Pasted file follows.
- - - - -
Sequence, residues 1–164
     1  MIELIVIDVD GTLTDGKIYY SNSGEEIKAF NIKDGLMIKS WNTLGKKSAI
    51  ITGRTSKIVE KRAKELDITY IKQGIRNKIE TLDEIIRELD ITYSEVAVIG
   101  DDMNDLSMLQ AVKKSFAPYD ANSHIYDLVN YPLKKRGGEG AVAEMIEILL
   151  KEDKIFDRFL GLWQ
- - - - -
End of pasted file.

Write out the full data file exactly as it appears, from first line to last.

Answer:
Sequence, residues 1–164
     1  MIELIVIDVD GTLTDGKIYY SNSGEEIKAF NIKDGLMIKS WNTLGKKSAI
    51  ITGRTSKIVE KRAKELDITY IKQGIRNKIE TLDEIIRELD ITYSEVAVIG
   101  DDMNDLSMLQ AVKKSFAPYD ANSHIYDLVN YPLKKRGGEG AVAEMIEILL
   151  KEDKIFDRFL GLWQ